Greece – The Market’s Odyssey by Toby Nangle, Columbia Threadneedle Investments
- The events of the past few weeks underscore the linkage between domestic political willingness to service debts and the likelihood of capital controls and/or eurozone exit.
- Greece’s negotiations with its creditors provide lessons on eurozone creditor reaction functions, which will inform the market’s pricing of risk.
- The jury is out as to whether business and consumer confidence across the region will be impacted by the spectacle, but we estimate that the impact will be limited.
The Greek economy is relatively small. Following the decision to bail out private creditors and replace their exposures with official credit, the country’s connectivity with the private financial system is extremely limited. But market participants have followed the twists and turns of the country’s negotiations with creditors with great interest, and for good reason — these negotiations provide lessons that will be generalized for the future. These lessons are not the morality tales peddled by pundits, but rather an understanding of eurozone creditor reaction functions, which will inform the market’s pricing of risk.
In 2012, eurozone leaders committed to the principle that domestic eurozone banking system integrity should not be compromised by concerns of domestic sovereign creditworthiness per se, and vice versa. The direct supervision of large banks was transferred from local regulators to the European Central Bank (ECB), and the regular Asset Quality Review process was set in motion. This move was made in reaction to the incipient financial Balkanization of the eurozone and the prospectively self-fulfilling eurozone financial crises of 2011–12.
Markets remained skeptical of eurozone leaders’ resolve to separate issues of sovereign creditworthiness and domestic banking integrity, suspecting that the negotiating leverage that could be mobilized on creditors’ behalf by binding both issues together would be too tempting for eurozone leaders to resist when it would advance their collective interests.
In declaring itself unwilling to continue to service its official sector debts, the Greek government has served as a test case for this de facto principle for the eurozone. Swiftly following this declaration of unwillingness to pay, capital controls were put in place that threatened the integrity of the already fragile banking system. The principle of separation between sovereign creditworthiness and banking system integrity proved as illusory as markets had anticipated, and media footage of cashless ATMs and distressed pensioners beamed across the world as proof.
From a market perspective there is little difference between the “bad outcomes” of a eurozone country implementing protracted capital controls and that same country leaving the eurozone. Both are associated with an initially significant negative economic shock, the requirement to write down bank equity meaningfully, the likelihood of senior creditor bail-in, and chaotic or unfunctioning domestic financial markets. With the second of the 19 eurozone countries going down the path of capital controls, efforts by eurozone policymakers to cast developments as unique will prove fruitless.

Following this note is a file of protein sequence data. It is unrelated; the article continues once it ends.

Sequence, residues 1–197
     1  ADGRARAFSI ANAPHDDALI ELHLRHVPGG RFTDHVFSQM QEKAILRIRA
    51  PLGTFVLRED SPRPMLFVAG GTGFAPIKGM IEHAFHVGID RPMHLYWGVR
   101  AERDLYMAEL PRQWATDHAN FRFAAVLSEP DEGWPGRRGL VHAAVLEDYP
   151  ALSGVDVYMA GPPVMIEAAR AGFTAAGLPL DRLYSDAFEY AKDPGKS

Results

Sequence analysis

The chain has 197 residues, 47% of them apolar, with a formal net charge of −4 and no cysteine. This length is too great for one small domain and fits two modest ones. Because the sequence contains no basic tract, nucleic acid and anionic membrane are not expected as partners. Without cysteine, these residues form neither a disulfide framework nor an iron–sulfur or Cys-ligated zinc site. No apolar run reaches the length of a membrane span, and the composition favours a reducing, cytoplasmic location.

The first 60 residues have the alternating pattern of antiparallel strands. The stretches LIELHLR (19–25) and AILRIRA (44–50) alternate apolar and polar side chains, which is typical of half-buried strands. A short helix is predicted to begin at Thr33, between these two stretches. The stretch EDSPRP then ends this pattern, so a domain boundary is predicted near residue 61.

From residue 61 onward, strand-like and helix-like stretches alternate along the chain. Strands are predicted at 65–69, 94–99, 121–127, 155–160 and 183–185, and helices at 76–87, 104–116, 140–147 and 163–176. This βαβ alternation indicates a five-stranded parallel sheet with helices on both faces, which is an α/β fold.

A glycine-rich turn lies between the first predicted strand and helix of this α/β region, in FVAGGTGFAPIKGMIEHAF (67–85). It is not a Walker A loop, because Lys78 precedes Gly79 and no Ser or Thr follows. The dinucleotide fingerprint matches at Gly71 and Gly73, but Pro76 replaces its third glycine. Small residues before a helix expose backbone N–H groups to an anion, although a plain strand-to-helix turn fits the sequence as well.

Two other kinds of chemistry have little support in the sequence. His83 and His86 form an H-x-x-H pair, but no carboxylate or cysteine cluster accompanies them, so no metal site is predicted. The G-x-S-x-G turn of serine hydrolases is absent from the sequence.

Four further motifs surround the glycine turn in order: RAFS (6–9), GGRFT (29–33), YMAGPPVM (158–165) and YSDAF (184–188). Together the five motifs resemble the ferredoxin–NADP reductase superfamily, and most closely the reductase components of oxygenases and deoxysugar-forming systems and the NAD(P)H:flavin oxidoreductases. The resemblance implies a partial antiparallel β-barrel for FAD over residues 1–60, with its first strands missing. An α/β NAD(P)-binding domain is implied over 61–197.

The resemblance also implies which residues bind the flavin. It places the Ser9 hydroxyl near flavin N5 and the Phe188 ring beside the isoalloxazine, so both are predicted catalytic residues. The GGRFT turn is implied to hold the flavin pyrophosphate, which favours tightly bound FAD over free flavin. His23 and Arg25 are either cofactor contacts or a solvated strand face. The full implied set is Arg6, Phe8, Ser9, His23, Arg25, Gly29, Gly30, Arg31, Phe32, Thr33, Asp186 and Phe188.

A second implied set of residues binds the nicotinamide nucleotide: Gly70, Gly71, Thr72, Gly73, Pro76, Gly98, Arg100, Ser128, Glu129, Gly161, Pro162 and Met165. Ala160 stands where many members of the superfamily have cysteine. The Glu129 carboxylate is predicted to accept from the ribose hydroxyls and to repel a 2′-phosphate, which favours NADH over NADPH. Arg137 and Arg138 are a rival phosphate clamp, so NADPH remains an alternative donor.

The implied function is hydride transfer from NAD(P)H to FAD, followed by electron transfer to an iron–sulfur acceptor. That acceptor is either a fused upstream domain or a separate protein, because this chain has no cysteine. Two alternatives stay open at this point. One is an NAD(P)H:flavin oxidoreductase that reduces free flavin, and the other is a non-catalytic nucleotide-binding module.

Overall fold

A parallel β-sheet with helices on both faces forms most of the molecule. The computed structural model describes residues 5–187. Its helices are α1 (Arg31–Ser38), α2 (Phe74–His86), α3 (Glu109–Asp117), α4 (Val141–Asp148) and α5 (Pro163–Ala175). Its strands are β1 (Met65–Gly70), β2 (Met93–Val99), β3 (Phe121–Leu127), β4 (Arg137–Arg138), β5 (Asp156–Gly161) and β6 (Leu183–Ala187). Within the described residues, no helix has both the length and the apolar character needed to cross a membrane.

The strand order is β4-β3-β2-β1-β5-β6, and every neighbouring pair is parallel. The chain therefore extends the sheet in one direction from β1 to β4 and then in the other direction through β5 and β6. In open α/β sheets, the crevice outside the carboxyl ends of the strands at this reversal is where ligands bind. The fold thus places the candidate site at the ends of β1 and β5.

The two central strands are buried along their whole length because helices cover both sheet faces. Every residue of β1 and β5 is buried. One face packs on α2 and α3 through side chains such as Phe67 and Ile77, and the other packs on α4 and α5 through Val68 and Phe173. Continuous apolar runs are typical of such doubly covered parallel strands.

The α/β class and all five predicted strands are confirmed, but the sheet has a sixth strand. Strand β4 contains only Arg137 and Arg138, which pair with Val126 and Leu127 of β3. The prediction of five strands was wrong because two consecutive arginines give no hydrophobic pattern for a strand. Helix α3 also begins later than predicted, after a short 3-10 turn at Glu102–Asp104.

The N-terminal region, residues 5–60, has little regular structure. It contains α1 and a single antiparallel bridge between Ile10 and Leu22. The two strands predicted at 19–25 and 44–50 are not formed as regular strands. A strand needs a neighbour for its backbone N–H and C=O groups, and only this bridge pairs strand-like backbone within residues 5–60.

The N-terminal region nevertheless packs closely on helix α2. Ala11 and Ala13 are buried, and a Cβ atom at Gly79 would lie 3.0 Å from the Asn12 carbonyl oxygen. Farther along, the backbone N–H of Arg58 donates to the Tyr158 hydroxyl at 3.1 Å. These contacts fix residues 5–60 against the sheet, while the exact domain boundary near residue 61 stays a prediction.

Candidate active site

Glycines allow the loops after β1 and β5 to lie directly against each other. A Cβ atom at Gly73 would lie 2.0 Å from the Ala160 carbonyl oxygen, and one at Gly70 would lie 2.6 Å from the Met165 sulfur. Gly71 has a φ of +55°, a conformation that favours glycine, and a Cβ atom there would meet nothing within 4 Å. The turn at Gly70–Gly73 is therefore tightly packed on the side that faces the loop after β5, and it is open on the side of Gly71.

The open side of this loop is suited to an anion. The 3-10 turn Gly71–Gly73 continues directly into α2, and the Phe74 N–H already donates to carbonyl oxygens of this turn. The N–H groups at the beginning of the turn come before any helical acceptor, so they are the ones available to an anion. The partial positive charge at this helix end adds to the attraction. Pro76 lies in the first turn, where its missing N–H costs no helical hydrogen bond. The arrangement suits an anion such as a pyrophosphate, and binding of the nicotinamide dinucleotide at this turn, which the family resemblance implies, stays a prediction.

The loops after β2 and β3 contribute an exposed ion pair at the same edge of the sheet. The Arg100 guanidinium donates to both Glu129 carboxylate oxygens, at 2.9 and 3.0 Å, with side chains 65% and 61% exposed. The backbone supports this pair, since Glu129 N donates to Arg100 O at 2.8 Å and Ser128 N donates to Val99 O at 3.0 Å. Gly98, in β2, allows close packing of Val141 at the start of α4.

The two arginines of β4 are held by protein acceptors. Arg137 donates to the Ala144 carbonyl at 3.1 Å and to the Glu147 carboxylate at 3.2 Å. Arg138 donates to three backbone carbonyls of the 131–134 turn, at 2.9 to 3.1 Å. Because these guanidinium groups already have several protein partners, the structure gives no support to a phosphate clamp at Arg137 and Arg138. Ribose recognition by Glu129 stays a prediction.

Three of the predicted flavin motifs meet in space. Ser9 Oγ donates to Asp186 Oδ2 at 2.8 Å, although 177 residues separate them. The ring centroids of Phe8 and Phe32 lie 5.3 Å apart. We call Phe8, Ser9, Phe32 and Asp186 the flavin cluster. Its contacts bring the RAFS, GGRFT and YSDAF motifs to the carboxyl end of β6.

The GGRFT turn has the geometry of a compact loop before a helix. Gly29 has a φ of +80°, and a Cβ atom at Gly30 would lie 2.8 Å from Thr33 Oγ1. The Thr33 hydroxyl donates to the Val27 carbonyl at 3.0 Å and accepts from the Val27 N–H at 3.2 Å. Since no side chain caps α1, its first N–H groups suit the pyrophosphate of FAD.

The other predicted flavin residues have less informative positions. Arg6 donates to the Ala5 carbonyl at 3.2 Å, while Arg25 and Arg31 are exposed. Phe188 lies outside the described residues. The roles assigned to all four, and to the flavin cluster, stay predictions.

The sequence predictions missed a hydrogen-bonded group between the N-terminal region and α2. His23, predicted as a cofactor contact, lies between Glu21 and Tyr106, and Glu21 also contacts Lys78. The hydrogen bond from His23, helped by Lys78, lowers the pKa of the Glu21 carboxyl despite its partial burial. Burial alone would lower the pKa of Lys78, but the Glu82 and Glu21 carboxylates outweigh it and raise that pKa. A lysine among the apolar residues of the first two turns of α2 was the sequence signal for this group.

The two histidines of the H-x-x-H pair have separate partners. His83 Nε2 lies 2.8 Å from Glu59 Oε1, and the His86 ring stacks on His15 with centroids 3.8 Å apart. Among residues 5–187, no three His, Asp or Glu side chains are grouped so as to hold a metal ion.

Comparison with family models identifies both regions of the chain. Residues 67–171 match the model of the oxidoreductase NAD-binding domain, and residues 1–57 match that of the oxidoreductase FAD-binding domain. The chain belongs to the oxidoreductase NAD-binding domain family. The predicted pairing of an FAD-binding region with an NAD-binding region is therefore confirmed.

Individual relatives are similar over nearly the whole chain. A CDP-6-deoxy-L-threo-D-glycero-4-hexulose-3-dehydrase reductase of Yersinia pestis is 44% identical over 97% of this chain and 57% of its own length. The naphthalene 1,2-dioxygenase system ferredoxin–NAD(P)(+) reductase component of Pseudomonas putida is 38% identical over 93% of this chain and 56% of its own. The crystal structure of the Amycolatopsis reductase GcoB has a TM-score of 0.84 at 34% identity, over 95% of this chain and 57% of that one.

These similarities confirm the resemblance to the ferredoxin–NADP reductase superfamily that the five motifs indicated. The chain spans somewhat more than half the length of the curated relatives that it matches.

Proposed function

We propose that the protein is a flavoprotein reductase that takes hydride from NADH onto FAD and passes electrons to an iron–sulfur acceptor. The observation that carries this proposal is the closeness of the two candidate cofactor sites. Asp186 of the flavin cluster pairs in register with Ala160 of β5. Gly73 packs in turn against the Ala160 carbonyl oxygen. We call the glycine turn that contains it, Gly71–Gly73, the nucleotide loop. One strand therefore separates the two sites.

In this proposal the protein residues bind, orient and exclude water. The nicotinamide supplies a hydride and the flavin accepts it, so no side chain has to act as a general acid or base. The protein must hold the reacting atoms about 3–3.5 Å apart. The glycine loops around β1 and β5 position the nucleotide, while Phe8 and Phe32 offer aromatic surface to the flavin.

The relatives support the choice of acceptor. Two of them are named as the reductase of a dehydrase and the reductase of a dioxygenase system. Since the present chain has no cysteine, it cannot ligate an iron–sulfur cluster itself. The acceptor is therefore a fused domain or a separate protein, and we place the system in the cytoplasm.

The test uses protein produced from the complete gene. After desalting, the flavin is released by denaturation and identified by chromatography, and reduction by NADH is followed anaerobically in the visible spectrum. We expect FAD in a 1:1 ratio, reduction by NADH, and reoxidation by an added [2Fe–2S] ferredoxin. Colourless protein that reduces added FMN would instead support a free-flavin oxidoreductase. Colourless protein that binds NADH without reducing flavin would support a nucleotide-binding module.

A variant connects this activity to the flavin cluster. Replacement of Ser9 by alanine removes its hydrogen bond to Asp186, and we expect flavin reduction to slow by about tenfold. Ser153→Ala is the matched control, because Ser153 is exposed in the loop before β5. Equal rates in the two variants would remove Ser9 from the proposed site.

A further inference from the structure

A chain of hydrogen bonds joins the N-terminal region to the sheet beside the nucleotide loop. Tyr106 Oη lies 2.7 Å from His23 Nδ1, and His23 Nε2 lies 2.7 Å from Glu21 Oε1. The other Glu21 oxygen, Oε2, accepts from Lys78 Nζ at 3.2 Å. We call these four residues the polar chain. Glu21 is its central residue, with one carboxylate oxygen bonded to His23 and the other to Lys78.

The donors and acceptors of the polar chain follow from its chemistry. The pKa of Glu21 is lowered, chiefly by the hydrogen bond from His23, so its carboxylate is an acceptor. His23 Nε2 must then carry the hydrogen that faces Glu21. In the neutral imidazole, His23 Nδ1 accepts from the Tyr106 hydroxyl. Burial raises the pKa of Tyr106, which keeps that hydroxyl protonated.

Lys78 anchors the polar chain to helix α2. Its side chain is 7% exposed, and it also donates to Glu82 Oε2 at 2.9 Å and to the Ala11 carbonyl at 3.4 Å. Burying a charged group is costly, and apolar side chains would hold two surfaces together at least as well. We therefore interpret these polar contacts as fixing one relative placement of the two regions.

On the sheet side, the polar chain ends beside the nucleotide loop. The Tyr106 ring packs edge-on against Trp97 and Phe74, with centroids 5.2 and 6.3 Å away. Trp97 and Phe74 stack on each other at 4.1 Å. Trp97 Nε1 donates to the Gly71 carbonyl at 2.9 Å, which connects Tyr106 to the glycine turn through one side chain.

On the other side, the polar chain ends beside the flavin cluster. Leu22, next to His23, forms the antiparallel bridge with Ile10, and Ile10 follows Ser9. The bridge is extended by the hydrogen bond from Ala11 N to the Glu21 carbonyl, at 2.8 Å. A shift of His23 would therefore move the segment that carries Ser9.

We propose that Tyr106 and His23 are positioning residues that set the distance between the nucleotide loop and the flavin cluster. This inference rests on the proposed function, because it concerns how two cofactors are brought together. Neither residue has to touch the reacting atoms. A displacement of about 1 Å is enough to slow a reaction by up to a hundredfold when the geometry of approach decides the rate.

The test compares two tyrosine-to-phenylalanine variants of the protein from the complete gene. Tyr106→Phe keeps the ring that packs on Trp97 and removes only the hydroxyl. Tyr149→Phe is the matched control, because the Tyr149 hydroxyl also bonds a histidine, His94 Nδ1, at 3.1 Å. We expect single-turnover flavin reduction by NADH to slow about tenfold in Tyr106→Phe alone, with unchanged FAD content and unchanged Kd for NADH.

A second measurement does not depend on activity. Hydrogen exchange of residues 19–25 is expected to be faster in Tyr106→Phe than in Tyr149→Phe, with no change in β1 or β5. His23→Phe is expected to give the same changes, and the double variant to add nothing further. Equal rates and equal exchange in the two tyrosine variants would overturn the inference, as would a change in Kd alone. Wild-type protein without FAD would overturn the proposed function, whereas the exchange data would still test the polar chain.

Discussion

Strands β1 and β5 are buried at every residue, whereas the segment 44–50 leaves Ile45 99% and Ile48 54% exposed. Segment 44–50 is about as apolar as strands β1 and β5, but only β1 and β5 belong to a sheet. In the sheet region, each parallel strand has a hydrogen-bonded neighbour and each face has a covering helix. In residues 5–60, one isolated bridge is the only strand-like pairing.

And so the experience of recent weeks serves to strengthen the market’s understanding of the linkage between domestic political willingness to service debts and the likelihood of capital controls, and/or eurozone exit. This lesson is independent of Greece’s continued membership of the eurozone: the market’s “bad outcome” has already been realized. Greece’s fate from here matters to us as citizens but less so as market participants.
How should markets now price eurozone financial assets? The unedifying political omnishambles that we have witnessed in Europe speaks poorly of the strength and coherence of its institutions. And the jury is out as to whether business and consumer confidence across the region will be impacted by the spectacle, but we estimate that the impact will be limited.
What remains is a “jump risk” that markets will struggle to price. The additional risk premia that investors require in order to insure against the prospect of a “bad outcome” of capital controls or exit is related to the joint probability of falling into an EU program and falling out with creditors. This is likely to be extremely small until it is extremely large. It is akin to going short an out-of-the-money put option with every purchase of a eurozone financial asset, with the option struck where domestic politics collides with creditor politics. Where this joint probability is minuscule, so will the risk premium demanded by investors.
It is worth recalling that the linkage between compliant politics and the risk that a banking system is turned off is a peculiarly European phenomenon. It is a product of political choices made in Brussels and Frankfurt. Choices made on the other side of the Atlantic have led to no such de facto linkage being in place in the United States. The contemporaneous debt default by the Puerto Rican government was not accompanied by the collapse of the Puerto Rican banking system and limits on cash withdrawals from ATMs. Similarly, the bankruptcy of Detroit did not lead to the suspension of Ford stock. In his July press conference, ECB President Draghi expressed unhappiness over the choices made, appealing for the completion of a banking union and the introduction of a pan-European depositor insurance scheme. If he is to have his wish, we could soon see the end of the rolling eurozone monetary crises that we have witnessed for the past several years.